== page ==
The evening before Helen Jeffrey's wedding day, the whole household at the rectory came out into the garden.
"The fact is," said Dr. Howe, smiling good-naturedly at his niece, "the importance of this occasion has made everybody so full of suppressed excitement one can't breathe in the house."
And indeed a wedding in Ashurst had all the charm of novelty. "Why, bless my soul," said the rector, "let me see: it must be ten—no, twelve years since Mary Drayton was married, and that was our last wedding. Well, we couldn't stand such dissipation oftener; it would wake us up."
But Ashurst rather prided itself upon being half asleep. The rush and life of newer places had a certain vulgarity; haste was undignified, it was almost ill bred, and the most striking thing about the village, resting at the feet of its low green hills, was its atmosphere of leisure and repose.
Its grassy road was nearly two miles long, so that Ashurst seemed to cover a great deal of ground, though there were really very few houses. A lane, leading to the rectory, curled about the foot of East Hill at one end of the road, and at the other was the brick-walled garden of the Misses Woodhouse.
Between these extremes the village had slowly grown; but its first youth was so far past, no one quite remembered it, and even the trying stage of middle age was over, and its days of growth were ended. This was perhaps because of its distance from the county town, for Mercer was twelve miles away, and there was no prospect of a railroad to unite them. It had been talked of once; some of the shopkeepers, as well as Mr. Lash, the carpenter, advocated it strenuously at Bulcher's grocery store in the evenings, because, they said, they were at the mercy of Phibbs, the package man, who brought their wares on his slow, creaking cart over the dusty turnpike from Mercer. But others, looking into the future, objected to a convenience which might result in a diminution of what little trade they had. Among the families, however, who did not have to consider "trade" there was great unanimity, though the Draytons murmured something about the increased value of the land; possibly not so much with a view to the welfare of Ashurst as because their property extended along the proposed line of the road.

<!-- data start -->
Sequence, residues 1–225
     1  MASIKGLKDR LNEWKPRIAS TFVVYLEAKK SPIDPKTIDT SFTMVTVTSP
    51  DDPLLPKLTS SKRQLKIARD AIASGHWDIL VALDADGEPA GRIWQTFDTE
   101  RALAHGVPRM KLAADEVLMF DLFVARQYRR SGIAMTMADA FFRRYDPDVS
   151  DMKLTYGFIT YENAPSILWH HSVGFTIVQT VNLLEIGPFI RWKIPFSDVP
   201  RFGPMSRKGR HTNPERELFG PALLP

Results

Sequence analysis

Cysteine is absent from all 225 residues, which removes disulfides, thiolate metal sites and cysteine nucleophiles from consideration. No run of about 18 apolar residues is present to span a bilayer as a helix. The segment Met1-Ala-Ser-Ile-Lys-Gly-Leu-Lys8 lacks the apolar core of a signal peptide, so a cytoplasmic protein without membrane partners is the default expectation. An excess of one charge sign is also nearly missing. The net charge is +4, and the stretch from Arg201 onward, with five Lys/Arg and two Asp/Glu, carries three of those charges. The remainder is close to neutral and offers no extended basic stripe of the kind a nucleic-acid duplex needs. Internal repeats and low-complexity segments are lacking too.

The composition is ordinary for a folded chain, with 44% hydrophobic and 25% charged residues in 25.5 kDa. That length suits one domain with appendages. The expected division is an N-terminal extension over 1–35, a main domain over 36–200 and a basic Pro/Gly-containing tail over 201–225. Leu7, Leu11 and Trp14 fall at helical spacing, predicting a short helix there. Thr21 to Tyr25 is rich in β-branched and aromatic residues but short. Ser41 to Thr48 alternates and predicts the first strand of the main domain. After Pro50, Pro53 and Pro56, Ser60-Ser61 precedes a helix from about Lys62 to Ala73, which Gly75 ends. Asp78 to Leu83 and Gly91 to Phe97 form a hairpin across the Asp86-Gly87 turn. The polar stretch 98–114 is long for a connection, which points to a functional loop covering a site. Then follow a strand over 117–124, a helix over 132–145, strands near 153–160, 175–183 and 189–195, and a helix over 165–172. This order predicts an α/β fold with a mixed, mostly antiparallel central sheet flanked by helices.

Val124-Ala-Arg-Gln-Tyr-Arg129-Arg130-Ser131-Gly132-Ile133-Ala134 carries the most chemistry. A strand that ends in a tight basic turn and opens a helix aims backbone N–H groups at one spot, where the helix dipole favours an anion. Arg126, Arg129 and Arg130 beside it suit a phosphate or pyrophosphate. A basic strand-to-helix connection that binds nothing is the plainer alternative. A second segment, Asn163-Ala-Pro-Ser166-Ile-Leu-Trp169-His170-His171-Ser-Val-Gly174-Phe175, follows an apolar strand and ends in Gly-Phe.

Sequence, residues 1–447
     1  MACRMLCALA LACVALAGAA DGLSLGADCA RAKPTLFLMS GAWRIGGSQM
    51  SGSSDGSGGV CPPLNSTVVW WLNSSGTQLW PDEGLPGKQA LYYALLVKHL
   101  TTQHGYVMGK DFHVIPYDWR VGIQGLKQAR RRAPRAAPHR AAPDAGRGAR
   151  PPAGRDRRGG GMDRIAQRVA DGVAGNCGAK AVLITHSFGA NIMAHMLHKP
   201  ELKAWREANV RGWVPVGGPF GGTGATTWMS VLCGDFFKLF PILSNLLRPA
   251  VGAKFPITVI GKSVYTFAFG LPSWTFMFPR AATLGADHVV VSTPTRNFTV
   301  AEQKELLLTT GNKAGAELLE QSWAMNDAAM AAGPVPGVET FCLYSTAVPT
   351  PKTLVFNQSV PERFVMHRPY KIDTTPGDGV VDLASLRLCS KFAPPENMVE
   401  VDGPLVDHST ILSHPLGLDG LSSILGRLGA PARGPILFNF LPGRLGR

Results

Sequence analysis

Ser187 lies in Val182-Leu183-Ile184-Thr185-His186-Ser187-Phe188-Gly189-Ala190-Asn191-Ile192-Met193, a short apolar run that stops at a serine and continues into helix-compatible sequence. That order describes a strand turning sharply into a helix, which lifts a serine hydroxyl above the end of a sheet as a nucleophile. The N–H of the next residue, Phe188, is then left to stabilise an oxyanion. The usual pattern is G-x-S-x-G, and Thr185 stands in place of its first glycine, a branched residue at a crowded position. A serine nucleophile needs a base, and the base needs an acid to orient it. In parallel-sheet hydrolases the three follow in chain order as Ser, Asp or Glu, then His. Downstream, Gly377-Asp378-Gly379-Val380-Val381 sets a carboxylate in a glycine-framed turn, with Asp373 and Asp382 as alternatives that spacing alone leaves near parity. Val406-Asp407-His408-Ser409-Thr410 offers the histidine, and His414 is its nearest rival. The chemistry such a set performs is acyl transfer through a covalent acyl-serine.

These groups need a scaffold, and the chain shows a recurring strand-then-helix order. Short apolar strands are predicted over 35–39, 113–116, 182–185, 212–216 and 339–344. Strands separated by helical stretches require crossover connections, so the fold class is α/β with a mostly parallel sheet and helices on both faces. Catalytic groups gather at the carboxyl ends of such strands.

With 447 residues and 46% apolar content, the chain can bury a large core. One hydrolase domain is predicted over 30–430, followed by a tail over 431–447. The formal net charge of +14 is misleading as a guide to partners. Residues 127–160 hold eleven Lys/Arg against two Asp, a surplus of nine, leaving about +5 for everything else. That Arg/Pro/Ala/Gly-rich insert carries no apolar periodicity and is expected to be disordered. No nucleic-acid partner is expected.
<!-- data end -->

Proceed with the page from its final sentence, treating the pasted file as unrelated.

The rector was very firm in his opinion. "Why," said he, mopping his forehead with his big silk handkerchief, "what do we want with a railroad? My grandfather never thought of such a thing, so I think I can get along without it, and it is a great deal better for the village not to have it."
It would have cut off one corner of his barn; and though this could not have interfered with the material or spiritual welfare of Ashurst, Dr. Howe's opinion never wavered. And the rector but expressed the feelings of the other "families," so that all Ashurst was conscious of relief when the projectors of the railroad went no further than to make a cut at one end of the Drayton pastures; and that was so long ago that now the earth, which had shown a ragged yellow wound across the soft greenness of the meadows, was sown by sweet clover and wild roses, and gave no sign of ever having been gashed by picks and shovels....